Lowenthal, P. R., Lowenthal, D. A., & White, J. W. (2009). The changing nature of online communities of inquiry: An analysis of how discourse and time shapes students’ perceptions of presence. In M. Simonson (Ed.), 32nd Annual proceedings: Selected research and development papers presented at the annual convention of the Association for Educational Communications and Technology. Washington D. C.: Association for Educational Communications and Technology.
The Community of Inquiry (CoI) framework was developed as a theoretical framework to support the practice and research of online learning. Garrison, Anderson, and Archer (2000) theorized that meaningful learning online takes place in a CoI made of teachers and students, through the interaction of three core elements: teaching presence, social presence, and cognitive presence. Over the past 10 years, a great deal has been written on each of these three presences (Anderson, Rourke, Garrison, & Archer, 2001; Dunlap & Lowenthal, 2009; Garrison & Cleveland-Innes, 2005; Lowenthal & Parscal, 2008; Richardson & Swan, 2003;; Shea & Bidjerano, 2009; Shea, Li, Swan, & Pickett, 2003; Shea, Pickett, & Pelz, 2003; Swan, 2002, 2004; Swan & Shih, 2005). During the past few years, researchers have turned from just studying each element separately to studying the three elements simultaneously (Akyol & Garrison, 2008; Arbaugh, 2007, 2008; Arbaugh, Bangert, & Clevelan-Innes, 2009; Garrison, Cleveland-Innes, & Fung, 2004; Swan, Richardson, Ice, Garrison, Cleveland-Innes, & Arbaugh, 2008). However, despite the increased interest in studying the CoI framework, researchers have not investigated how communities of inquiry differ across different discourse communities (Arbaugh, Bangert, & Cleveland-Innes, 2009; Lowenthal & Lowenthal, 2009) nor whether they manifest themselves in accelerated online programs (Lowenthal & Lowenthal, 2009). The purpose of this study was to investigate how student’s perceptions of each of the elements of the CoI framework differ across different discourse communities (specifically, business, education, computer science, and humanities) in accelerated (i.e., eight week long) online courses. The following paper reports the preliminary results of this study.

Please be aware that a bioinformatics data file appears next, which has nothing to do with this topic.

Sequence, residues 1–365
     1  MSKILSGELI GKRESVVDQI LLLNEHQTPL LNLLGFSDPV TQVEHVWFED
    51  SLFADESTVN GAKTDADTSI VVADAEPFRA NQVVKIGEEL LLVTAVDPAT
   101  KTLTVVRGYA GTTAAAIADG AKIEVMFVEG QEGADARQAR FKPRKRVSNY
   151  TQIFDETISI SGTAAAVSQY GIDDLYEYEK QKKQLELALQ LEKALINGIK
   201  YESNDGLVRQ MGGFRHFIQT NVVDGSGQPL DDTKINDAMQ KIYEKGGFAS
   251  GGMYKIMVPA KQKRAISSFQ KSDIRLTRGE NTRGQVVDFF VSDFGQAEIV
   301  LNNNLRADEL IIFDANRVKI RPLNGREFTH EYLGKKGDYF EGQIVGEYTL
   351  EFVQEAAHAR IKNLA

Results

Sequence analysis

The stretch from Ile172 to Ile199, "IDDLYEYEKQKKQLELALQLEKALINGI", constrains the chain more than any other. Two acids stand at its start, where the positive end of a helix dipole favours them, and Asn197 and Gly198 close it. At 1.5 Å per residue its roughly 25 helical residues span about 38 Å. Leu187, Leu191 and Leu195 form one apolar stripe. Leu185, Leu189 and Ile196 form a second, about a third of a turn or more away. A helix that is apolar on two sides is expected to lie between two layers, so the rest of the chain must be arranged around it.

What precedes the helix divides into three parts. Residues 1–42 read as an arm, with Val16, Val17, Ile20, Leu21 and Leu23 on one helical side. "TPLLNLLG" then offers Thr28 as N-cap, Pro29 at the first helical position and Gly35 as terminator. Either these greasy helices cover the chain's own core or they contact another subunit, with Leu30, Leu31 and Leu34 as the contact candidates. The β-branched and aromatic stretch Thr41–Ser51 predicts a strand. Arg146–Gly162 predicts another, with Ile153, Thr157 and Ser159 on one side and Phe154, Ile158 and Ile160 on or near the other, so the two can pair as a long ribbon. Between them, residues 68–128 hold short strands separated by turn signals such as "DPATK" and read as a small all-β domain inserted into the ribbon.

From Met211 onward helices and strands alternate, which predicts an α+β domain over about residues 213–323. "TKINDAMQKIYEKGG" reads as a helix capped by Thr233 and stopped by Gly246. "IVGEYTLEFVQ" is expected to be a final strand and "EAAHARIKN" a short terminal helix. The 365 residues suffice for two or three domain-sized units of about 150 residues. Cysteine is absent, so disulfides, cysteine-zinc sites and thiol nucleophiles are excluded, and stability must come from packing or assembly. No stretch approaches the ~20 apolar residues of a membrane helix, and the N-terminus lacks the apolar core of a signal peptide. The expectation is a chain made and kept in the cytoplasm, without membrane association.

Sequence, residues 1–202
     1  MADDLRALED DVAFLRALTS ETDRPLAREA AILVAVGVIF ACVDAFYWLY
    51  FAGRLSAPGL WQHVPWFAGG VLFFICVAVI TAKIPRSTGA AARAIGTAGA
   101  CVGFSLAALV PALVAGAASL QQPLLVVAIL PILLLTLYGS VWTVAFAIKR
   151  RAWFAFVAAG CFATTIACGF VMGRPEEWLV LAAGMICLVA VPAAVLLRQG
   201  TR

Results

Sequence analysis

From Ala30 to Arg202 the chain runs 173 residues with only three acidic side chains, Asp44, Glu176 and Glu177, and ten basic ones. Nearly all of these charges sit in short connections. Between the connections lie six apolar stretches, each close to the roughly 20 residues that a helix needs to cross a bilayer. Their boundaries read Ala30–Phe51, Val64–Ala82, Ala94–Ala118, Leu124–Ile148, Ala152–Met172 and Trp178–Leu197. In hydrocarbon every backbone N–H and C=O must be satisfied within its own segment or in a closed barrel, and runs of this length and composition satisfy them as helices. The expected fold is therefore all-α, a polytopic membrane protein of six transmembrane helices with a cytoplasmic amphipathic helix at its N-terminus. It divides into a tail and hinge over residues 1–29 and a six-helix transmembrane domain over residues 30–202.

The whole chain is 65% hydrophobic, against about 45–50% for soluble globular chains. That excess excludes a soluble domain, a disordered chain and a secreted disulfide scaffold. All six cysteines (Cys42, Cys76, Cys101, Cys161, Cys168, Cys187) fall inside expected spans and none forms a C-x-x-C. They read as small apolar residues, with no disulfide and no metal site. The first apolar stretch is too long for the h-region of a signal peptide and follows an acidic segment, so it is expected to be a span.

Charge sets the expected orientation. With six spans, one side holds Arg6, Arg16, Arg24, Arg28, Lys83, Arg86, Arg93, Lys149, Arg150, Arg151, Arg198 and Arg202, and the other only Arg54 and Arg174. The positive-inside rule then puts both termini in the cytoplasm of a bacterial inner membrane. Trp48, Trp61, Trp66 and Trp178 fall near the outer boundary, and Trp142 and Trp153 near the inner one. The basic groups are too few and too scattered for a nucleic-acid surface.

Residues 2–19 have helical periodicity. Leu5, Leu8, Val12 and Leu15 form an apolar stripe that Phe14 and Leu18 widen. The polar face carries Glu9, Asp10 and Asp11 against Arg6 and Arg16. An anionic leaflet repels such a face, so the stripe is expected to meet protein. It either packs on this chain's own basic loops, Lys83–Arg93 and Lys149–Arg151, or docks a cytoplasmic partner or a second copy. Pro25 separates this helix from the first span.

Keywords: Community of Inquiry, CoI, Social Presence, Teaching Presence, Cognitive Presence, Discourse, Community, Online Learning, Online Teaching